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Title: Examining the effects of eye-tracking strategies and gender on multitask performance and eye movements during sleep deprivation
Authors: Caballero, Hebert Sebastian
Keywords: eye-tracking strategies;computerized multitasking simulator;sleep deprivation.;gender differences;cognitive performance;dwell time on tasks
Issue Date: 15-Dec-2016
Abstract: The current study implemented eye-tracking strategies on a computerized multitasking simulator in order to examine its effects on cognitive performance and dwell time on tasks during sleep deprivation. The study also looked at gender differences on multitask performance and dwell time on tasks before and after sleep deprivation. There were training trials before being sleep deprived and a testing trial after being sleep deprived for control and experimental groups. The experimental group had the eye-tracking strategies implemented on the multitasking simulator while the control group did not. It was hypothesised that eye-tracking strategies provided on the multitasking simulator would help individuals score better and equally distribute dwell time on tasks after being sleep deprived. It was also hypothesized that both genders would have similar scores and dwell times. Results showed that regardless of the eye-tracking strategies being provided or not, individuals performed better after being sleep deprived. Dwell times decreased for most of the tasks from training to testing and were not equally distributed. No conclusions in terms of gender differences were made due to limitations of unequal distribution of males and females on experimental and control groups. Results suggested that one night of sleep deprivation may not be enough for cognitive impairment to occur in the population examined. Future studies should look at implementing eye-tracking strategies when there is certainty that cognitive impairment due to sleep deprivation is occurring.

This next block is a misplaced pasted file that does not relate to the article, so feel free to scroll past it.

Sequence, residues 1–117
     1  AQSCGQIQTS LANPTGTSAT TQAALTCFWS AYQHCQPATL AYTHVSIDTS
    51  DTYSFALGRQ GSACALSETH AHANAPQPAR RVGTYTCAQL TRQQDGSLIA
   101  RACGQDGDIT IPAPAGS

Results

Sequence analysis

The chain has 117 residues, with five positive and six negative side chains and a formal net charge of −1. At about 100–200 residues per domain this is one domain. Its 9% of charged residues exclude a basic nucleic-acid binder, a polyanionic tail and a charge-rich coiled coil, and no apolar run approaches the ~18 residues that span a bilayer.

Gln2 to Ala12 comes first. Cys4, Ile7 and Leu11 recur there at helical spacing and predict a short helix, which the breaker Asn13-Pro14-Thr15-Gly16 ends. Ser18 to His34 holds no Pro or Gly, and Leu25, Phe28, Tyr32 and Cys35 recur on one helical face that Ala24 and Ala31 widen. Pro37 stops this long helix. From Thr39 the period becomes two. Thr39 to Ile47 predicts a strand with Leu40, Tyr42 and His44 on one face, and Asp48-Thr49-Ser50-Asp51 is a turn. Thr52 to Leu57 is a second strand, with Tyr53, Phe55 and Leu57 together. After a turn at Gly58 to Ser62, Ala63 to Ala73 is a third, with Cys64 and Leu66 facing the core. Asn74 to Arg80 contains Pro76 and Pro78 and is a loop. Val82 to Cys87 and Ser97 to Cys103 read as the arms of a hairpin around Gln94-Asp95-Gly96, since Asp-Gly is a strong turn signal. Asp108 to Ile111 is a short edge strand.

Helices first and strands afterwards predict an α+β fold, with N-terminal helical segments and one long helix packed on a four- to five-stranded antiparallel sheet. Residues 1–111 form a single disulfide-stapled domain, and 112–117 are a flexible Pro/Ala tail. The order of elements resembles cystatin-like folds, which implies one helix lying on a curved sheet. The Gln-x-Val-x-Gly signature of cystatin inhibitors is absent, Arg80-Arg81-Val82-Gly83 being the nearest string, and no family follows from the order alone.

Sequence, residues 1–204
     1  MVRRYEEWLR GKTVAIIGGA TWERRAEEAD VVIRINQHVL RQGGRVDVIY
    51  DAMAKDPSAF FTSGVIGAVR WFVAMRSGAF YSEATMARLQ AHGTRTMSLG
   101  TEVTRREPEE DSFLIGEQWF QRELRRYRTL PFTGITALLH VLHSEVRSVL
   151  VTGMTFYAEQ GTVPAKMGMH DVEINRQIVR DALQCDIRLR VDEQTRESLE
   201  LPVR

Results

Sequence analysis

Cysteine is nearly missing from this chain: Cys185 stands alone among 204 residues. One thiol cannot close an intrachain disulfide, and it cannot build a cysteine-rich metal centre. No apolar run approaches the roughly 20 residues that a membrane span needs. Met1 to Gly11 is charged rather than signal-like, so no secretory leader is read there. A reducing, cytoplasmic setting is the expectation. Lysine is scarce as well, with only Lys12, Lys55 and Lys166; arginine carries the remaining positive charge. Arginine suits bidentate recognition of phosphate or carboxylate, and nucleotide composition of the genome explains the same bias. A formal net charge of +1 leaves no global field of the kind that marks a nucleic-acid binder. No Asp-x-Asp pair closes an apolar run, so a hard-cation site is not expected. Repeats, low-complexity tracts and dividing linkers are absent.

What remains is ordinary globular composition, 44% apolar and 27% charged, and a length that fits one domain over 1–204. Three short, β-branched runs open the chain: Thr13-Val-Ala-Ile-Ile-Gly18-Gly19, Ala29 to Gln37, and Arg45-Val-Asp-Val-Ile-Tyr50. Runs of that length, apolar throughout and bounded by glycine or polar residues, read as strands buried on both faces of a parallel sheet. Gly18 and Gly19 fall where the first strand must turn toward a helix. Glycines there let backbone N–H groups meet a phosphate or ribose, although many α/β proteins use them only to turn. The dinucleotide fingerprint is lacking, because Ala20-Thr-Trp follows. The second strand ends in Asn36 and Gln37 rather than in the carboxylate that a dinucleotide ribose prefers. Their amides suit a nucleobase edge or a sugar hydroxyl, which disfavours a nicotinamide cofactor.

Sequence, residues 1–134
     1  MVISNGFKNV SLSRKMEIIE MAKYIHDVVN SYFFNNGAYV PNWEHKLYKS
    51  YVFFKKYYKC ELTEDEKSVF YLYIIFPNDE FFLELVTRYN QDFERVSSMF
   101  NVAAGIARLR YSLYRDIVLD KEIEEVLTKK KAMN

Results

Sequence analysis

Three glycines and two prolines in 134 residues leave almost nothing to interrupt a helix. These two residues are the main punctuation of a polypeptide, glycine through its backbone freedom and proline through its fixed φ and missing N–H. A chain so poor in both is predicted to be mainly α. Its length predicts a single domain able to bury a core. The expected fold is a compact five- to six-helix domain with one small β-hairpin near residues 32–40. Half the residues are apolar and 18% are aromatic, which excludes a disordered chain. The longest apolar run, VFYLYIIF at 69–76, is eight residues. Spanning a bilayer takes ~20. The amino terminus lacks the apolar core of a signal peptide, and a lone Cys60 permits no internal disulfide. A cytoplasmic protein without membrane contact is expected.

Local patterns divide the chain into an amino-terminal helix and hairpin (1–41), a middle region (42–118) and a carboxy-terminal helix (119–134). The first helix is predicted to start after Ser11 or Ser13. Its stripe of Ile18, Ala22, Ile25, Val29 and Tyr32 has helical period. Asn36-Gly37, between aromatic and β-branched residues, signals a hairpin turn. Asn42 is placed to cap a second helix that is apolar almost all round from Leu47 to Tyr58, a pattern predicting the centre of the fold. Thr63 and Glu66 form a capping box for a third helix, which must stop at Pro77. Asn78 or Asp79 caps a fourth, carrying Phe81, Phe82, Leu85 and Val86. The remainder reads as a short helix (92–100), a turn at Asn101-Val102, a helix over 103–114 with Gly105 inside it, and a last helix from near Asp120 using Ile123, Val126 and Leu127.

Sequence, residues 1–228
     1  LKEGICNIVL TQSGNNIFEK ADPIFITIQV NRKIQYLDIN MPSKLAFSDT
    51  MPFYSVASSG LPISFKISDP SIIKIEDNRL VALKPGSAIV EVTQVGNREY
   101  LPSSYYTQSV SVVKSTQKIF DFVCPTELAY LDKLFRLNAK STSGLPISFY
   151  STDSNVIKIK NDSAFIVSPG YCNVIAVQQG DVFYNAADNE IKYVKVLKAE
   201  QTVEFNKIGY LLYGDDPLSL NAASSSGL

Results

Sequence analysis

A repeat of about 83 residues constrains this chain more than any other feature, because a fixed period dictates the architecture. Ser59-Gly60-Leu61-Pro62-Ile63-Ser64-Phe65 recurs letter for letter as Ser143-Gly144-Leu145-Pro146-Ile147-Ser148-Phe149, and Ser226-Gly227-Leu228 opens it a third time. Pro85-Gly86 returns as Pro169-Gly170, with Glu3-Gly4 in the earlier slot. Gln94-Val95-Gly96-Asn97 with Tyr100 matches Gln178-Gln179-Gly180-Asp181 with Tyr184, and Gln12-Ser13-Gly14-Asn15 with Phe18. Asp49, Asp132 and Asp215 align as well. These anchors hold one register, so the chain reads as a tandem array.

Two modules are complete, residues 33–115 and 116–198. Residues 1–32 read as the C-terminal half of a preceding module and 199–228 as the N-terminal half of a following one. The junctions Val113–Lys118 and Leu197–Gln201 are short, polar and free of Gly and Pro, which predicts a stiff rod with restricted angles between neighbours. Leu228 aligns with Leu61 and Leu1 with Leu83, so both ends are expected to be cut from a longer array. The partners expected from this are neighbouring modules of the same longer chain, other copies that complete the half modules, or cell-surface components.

Appears in Collections:Psychology / Psychologie - Undergraduate Theses

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